Private equity firm Apollo Global Management has acquired Verizon’s media group for $5 billion, the two companies announced Monday.
Verizon Media, which includes properties from the former internet empires of AOL and Yahoo, will be rebranded as “Yahoo,” the announcement said. Verizon said it will keep a 10 percent stake in the company.
The sale includes online news outlets TechCrunch, Yahoo Finance, Engadget and others. Apollo and Verizon said they expect the sale to close in the second half of 2021.
Verizon is cutting its losses on its media businesses, with the deal valuing the businesses at significantly lower prices than Verizon paid just a few years ago. Verizon bought AOL for $4.4 billion in 2015, and it bought Yahoo for $4.5 billion in 2017.
Verizon will get $4.25 billion in cash for the properties, in addition to its 10 percent stake in Yahoo.
The COVID-19 pandemic hammered the advertising market a year ago, sending revenue for advertising-driven online publications into a spiral. In the announcement of Monday’s deal, Verizon Media CEO Guru Gowrappan touted the company’s strong recent recovery from last year’s lows. He added that Apollo will help the company grow its “full stack digital advertising platform.”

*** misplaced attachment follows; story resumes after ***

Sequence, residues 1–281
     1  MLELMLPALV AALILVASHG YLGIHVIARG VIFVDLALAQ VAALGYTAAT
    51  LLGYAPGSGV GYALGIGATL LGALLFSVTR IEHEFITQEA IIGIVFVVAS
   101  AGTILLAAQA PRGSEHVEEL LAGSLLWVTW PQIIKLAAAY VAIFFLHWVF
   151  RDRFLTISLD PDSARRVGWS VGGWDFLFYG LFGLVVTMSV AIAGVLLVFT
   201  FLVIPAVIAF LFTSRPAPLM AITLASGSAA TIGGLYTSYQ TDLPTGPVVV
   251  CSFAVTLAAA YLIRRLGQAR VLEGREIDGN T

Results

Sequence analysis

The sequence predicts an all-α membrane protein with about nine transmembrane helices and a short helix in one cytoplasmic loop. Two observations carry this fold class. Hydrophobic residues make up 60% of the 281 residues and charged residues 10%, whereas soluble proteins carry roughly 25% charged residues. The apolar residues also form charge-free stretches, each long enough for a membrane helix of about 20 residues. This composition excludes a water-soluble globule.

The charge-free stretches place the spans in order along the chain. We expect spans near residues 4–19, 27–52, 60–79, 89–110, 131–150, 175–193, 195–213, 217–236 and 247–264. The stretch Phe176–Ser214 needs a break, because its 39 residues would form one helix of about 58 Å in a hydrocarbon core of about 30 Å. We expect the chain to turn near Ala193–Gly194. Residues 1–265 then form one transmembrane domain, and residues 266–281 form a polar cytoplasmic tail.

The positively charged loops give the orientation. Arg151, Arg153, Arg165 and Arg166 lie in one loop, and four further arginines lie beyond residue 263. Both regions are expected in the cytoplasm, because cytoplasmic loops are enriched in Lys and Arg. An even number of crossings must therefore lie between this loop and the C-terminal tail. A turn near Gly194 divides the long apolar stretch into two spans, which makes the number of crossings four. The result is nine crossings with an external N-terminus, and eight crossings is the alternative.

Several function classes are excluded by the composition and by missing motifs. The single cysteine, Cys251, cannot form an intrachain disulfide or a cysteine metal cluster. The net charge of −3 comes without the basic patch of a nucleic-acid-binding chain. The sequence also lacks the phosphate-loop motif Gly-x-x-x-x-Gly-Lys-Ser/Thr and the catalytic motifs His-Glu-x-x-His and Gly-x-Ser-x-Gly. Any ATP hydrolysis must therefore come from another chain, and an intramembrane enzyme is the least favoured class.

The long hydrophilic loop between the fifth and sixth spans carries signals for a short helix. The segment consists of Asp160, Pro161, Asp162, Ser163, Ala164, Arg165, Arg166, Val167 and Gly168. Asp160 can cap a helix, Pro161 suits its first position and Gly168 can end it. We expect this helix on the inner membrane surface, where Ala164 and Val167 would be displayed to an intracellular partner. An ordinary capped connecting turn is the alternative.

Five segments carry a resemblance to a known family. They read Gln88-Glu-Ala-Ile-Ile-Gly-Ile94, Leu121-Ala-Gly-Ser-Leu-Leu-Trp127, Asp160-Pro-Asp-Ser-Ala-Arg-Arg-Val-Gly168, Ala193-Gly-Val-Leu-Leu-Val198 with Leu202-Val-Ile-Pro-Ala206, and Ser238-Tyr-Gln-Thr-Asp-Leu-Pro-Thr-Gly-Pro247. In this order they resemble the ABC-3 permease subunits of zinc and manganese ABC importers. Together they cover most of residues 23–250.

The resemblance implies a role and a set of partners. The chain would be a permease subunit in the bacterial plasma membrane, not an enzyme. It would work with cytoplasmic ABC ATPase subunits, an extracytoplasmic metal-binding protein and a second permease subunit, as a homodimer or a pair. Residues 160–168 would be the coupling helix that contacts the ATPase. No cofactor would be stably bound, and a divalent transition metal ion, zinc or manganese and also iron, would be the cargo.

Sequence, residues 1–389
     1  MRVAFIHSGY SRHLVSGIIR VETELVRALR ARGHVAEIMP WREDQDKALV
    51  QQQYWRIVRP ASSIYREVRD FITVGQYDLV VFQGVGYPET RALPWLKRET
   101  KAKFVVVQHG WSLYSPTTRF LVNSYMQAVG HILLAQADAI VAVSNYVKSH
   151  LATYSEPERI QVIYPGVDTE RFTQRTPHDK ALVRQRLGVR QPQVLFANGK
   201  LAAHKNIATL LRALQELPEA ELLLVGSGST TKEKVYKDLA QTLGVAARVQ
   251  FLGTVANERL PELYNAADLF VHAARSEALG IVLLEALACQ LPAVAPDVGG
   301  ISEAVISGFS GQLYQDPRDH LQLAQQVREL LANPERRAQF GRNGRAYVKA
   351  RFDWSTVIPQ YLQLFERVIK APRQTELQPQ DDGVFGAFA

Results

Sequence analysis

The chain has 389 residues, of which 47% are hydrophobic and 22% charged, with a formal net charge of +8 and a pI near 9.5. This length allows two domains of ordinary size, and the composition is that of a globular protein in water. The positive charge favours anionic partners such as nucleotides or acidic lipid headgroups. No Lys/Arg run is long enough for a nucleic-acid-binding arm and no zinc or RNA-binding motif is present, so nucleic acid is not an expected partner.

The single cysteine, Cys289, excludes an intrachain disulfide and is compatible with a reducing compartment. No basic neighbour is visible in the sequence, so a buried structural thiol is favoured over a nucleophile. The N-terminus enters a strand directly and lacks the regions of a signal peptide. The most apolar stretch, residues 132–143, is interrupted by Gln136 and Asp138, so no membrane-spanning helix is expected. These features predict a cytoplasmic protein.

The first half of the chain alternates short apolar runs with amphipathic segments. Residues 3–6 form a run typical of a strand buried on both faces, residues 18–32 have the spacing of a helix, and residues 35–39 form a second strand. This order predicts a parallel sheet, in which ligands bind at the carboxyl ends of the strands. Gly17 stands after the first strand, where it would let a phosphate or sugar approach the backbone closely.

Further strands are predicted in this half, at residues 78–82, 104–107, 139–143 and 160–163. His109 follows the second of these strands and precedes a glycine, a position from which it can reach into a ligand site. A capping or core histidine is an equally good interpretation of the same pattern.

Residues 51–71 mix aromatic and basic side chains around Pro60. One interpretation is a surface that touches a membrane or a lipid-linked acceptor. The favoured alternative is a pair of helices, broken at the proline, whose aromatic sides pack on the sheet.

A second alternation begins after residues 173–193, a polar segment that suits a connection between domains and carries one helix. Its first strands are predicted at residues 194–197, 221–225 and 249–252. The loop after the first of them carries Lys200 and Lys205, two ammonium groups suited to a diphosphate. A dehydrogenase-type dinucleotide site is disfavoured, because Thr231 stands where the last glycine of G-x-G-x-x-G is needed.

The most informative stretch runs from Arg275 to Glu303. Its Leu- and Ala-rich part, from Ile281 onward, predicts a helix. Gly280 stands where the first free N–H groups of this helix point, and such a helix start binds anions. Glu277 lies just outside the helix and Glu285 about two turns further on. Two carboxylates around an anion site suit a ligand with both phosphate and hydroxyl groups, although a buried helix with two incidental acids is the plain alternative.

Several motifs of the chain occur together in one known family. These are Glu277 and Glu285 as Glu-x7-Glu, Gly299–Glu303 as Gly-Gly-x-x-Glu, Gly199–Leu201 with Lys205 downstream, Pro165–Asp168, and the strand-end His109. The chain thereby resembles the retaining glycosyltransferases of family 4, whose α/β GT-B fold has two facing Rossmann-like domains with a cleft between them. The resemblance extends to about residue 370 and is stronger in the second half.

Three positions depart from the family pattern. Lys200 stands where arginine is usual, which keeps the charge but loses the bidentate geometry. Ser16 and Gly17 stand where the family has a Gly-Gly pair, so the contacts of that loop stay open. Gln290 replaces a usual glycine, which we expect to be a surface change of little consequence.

“We are big believers in the growth prospects of Yahoo and the macro tailwinds driving growth in digital media, advertising technology and consumer internet platforms,” David Sambur, co-head of private equity at Apollo, said in a statement. “Apollo has a long track record of investing in technology and media companies and we look forward to drawing on that experience to help Yahoo continue to thrive.”
The deal is Verizon’s latest step toward exiting the media market. Verizon sold HuffPost to BuzzFeed last year and it also recently sold off or shut down other properties including Tumblr and Yahoo Answers.
As it exits media, Verizon is expected to focus on its core wireless networks business and other internet provider businesses.
For once-powerful media giants AOL and Yahoo, the deal represents failure to adapt and thrive as the consumer internet evolved. The two companies were early titans as the consumer internet formed, but have now become the latest media operations to fall into the hands of private equity.